Two other military-intelligence candidates in Virginia lost their bids for the Democratic nomination in the Tenth Congressional District, to challenge incumbent Republican Barbara Comstock. Alison Friedman, an official in the Obama State Department, was aided by her personal wealth (she is an heir to the Levi Strauss fortune and gave $1 million to her own campaign) but finished second. Daniel Helmer, a combat veteran from Iraq and Afghanistan with significant backing from former military brass, finished fourth. The race was won by a local Democratic officeholder, State Senator Jennifer Wexton.
Another ex-military candidate was leading in the race for the Democratic nomination in the Second District of Maine, which includes the northern two-thirds of the state. Jared Golden enlisted in the Marines and did tours of duty in Afghanistan in 2004 and Iraq in 2005-2006. He later returned to Afghanistan as a civilian (nominally a schoolteacher) before moving to the staff of Senator Susan Collins of Maine, a Republican.
Golden began his own political career as a Democratic candidate in 2014, winning a seat in the state legislature. In the congressional primary, he was leading his main challenger, Lucas St. Clair, heir to the Burt’s Bees cosmetics fortune, by about nine percentage points. This election is being held under a new electoral system in which the lowest-ranking candidates will be eliminated and their votes redistributed based on second preferences of their supporters.
The Democrats selected another military-intelligence candidate for governor of South Carolina in an uphill race for a seat held by the Republicans for the past 15 years. James Smith is a member of the South Carolina state legislature, but his background is in the military, including eight years as a judge advocate general, or military prosecutor. After 9/11, he resigned his commission and reenlisted and went through basic training to become a combat infantryman. This led to a one-year tour of duty in Afghanistan, which, his web site boasts, “makes him one of a small number of public officials nationwide who have served the United States in combat. Smith’s military service shaped his outlook on civic service. …”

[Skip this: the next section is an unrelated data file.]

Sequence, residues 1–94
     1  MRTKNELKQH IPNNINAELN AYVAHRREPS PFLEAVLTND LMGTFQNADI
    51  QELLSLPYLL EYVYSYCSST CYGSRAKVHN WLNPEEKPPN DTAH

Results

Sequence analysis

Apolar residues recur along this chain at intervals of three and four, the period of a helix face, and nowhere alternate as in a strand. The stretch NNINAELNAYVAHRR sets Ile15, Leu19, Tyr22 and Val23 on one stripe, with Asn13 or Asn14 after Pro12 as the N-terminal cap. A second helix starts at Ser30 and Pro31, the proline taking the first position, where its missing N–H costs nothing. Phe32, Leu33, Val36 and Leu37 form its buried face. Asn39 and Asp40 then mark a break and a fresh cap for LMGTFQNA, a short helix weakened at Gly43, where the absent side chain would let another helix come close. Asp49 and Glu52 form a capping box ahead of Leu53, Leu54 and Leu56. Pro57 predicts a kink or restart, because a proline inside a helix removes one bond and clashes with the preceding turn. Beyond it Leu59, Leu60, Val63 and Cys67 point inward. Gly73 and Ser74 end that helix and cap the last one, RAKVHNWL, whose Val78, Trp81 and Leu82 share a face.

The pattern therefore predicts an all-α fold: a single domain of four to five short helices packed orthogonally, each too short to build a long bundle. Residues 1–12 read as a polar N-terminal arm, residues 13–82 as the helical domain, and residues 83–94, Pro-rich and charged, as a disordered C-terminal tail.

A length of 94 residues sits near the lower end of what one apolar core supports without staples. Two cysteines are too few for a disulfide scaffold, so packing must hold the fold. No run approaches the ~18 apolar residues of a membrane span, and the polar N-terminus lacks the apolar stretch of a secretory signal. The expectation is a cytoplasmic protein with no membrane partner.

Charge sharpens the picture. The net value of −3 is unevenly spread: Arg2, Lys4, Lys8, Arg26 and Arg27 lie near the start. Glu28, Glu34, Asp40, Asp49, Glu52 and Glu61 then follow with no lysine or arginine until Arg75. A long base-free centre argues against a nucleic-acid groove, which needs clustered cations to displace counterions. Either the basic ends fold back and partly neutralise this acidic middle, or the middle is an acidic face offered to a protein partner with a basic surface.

On the Republican side, two results demonstrated the party’s headlong rush to the right. State legislator Katie Arrington defeated incumbent Representative Mark Sanford in the First District of South Carolina after a campaign focused on her denunciations of Sanford’s occasional criticisms of Trump’s crudest and most vulgar comments. Arrington told her victory rally, “We are the party of Donald J. Trump,” while Trump tweeted his enthusiastic support.
In Virginia, former Trump campaign manager Corey Stewart won the Republican nomination for US Senate, to face the heavily favored incumbent Tim Kaine, who was Hillary Clinton’s running mate in 2016. Stewart called Trump the “greatest president” of the last 100 years. He narrowly defeated a state legislator, Nick Freitas, who campaigned as a “libertarian” critic of Trump from an even more right-wing perspective, calling for even greater cuts in public spending for social services and even bigger tax cuts for the wealthy.
Only one electoral result in Tuesday’s voting actually determined the winner of an office, rather than selecting a nominee of one of the two big business parties. That was a special election in the 1st State Senate district of Wisconsin, in the area around Green Bay. The Republican incumbent stepped down to take an appointed position in state government and the Democratic Party won the seat, although Trump carried the district by 17 points in 2016.
This was the 25th Republican-held seat in a state legislature captured by the Democrats since Trump took office, compared to only five Democratic seats captured by Republicans. This is only a pale indication of the mounting hostility to the Trump administration among working people, which can find no politically progressive expression within the framework of the corporate-controlled two-party system.
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[7 March 2018]